Definition of fingerpick in English:

fingerpick

verb

[WITH OBJECT]
  • Play (a guitar or similar instrument) using the fingernails or small plectrums worn on the fingertips to pluck the strings.

    ‘black southern guitarists were fingerpicking guitars long before white musicians’
    [no object] ‘he fingerpicked with facility’
    • ‘With his fingerpicking and his yodel, Sexton takes us to his roots, to the buried sound of another place.’
    • ‘‘The only thought behind the record was the idea of combining traditional folk with something more expansive,’ says Halstead, who indulged in a lot more fingerpicking than M3 normally allow.’
    • ‘His previous album, Conasauga, dwelt almost wholly in Appalachian ruralisms and pristine fingerpicking, and you can hear that ornate classicism in the well-mannered portions of ‘Warpaint’ and ‘The Nest.’’
    • ‘On Desormais, the common denominator is sparse fingerpicking with little other accompaniment.’
    • ‘High Winds White Sky has its dated hippie moments: the daughter of the stars turns up; the acoustic fingerpicking don't let up; the imagery is pastoral, cross-legged, palms-up.’
    • ‘With the new disc's major-label budget, that means Smith is now augmenting his delicate fingerpicking with heretofore-unrevealed piano skills, full yet subtle arrangements, and the occasional George Harrison mystical moment.’
    • ‘The following number, ‘Roll Along Summer,’ works fine on its own - it's actually a pleasing little number with some smooth fingerpicking - but it bogs down in the muck left from Weller's avian mishap.’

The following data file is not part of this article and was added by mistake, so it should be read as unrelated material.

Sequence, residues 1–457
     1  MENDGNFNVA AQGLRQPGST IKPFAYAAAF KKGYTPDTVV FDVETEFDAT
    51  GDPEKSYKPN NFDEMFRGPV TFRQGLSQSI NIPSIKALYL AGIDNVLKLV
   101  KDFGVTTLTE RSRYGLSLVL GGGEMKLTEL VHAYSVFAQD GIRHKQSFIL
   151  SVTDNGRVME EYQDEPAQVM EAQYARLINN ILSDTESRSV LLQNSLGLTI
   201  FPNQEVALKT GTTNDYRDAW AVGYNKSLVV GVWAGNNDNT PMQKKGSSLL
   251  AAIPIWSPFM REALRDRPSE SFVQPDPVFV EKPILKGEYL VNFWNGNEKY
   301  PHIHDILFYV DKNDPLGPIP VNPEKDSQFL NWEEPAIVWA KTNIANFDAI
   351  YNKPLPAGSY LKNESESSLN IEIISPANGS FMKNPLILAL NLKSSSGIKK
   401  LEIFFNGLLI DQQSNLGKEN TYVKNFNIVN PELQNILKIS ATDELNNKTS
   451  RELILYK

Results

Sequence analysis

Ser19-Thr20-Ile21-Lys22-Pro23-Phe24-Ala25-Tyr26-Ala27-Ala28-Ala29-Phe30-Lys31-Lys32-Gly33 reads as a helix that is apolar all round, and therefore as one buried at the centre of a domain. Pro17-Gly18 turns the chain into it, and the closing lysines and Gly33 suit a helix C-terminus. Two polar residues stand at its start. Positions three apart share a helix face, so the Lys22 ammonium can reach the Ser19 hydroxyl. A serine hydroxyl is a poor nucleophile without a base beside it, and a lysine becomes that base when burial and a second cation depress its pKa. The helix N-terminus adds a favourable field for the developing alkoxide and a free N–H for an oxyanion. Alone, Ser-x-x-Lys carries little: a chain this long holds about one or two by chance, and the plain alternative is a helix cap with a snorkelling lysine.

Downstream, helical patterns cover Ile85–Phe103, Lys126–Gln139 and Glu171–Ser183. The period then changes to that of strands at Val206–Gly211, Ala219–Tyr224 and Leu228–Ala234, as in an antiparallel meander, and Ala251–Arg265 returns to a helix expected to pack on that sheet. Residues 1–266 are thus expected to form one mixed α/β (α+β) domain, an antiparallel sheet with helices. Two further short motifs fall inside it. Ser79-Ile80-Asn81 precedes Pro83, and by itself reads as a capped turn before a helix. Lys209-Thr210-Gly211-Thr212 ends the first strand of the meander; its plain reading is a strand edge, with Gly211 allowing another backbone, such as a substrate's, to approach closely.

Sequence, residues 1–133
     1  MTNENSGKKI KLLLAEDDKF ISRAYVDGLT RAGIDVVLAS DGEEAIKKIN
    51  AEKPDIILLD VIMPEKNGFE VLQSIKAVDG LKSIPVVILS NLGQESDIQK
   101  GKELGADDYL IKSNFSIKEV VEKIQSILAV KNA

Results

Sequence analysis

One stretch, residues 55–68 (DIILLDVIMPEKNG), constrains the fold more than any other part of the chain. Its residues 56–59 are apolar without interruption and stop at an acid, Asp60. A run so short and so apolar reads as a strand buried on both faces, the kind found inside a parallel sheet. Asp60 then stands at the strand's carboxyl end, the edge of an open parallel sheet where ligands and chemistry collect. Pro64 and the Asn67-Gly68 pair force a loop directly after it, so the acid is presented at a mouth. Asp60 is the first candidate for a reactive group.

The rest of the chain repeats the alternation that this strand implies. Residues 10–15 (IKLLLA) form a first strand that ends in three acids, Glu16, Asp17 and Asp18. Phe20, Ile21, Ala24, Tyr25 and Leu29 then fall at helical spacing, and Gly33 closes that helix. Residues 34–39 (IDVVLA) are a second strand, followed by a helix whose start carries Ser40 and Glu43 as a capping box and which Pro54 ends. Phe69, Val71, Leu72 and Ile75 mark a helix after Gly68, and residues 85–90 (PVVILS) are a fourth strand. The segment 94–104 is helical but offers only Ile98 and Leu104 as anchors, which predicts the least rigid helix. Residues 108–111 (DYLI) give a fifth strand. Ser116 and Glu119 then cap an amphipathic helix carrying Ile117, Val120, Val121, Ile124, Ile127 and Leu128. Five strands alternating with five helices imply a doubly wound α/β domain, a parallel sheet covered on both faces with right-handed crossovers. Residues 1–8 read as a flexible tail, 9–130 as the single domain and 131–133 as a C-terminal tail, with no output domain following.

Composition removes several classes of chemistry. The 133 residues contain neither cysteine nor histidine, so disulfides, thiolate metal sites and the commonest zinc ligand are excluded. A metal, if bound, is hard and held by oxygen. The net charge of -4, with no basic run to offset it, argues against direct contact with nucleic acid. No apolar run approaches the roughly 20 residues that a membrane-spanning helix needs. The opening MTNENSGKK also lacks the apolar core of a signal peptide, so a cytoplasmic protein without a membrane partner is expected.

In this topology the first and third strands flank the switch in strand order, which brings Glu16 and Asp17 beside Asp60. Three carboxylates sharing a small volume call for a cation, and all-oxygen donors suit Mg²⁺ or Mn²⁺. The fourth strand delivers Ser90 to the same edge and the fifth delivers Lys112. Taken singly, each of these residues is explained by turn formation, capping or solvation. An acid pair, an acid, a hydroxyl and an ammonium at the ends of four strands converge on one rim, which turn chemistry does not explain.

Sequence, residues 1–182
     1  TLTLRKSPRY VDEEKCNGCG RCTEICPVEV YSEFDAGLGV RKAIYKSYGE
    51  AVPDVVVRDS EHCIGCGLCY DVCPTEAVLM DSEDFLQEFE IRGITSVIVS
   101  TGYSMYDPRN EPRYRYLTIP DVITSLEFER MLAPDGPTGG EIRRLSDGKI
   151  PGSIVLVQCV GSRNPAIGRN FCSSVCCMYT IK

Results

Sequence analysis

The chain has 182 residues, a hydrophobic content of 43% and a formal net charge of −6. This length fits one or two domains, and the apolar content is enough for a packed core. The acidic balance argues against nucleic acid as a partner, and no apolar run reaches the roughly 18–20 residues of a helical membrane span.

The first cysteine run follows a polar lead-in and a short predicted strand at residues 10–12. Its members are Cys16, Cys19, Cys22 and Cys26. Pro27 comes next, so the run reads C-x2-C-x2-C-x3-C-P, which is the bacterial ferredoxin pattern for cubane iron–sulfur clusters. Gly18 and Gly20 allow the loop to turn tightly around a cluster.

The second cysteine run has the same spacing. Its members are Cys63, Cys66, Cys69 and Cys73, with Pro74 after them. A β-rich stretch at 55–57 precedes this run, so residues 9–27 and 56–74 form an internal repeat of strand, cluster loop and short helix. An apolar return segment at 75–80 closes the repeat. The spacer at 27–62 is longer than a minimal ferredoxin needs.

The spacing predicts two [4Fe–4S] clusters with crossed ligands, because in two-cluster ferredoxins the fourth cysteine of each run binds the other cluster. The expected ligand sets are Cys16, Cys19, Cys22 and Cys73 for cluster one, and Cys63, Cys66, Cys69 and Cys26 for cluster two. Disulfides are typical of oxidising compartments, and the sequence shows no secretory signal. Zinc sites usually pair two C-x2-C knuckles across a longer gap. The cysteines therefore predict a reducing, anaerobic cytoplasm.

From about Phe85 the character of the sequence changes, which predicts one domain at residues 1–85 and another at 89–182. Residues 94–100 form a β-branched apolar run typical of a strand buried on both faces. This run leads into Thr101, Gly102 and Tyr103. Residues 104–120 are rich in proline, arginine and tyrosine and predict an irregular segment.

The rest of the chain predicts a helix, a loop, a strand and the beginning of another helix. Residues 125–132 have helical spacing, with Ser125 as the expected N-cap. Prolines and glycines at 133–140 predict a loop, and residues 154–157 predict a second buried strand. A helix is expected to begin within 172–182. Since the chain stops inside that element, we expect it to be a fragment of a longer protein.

• ‘The sound of her voice and her flawless fingerpicking came and went with the trains.’
    • ‘Over exquisite Bert Jansch-like fingerpicking, Talbot tells the haunting tale of a young woman, burned by her townspeople as a witch, whose ghost returns to seek a little good old-fashioned payback.’
    • ‘As the fingerpicking gets faster and more furious, you get swept up in the frenzy without even once noticing how out-there the opinions or plans you're contemplating are.’
    • ‘His last record, 2003's The Transfiguration of Vincent, was a perfect meditation on death and love, delivered with an offhand grace that made fingerpicking and a little snare seem revelatory, even as it conjured the ghost of John Fahey.’
    • ‘First surprise - she curled her fingers around the strings and began to fingerpick, thumb bent backwards and fingers double-jointedly bent on the fret board in the style of the self-taught.’
    • ‘Building upon autoharp, organ, or distantly droning tape sounds which constantly shift and realign, Kawabata fingerpicks his way back to Youngs' home turf, often recalling such British folkies as Bert Jansch or John Martyn.’
    • ‘And ‘Somebody That I Used to Know’ features fingerpicking that evokes ‘Blackbird’ - even if the lyrics owe more to ‘How Do You Sleep?’’
    • ‘On opener Come And Find Me, and You've Got The Moon, his husky voice and complex fingerpicking bring to mind doomed young English folkie Nick Drake, but, at the other extreme, you could imagine the great Johnny Cash covering Harrisburg.’

noun

  • A plectrum worn on a fingertip.

    • ‘For thirty years, he dreamed of a finger pick that would feel like fingernails.’

Pronunciation:

fingerpick

/ˈfiNGɡərˌpik/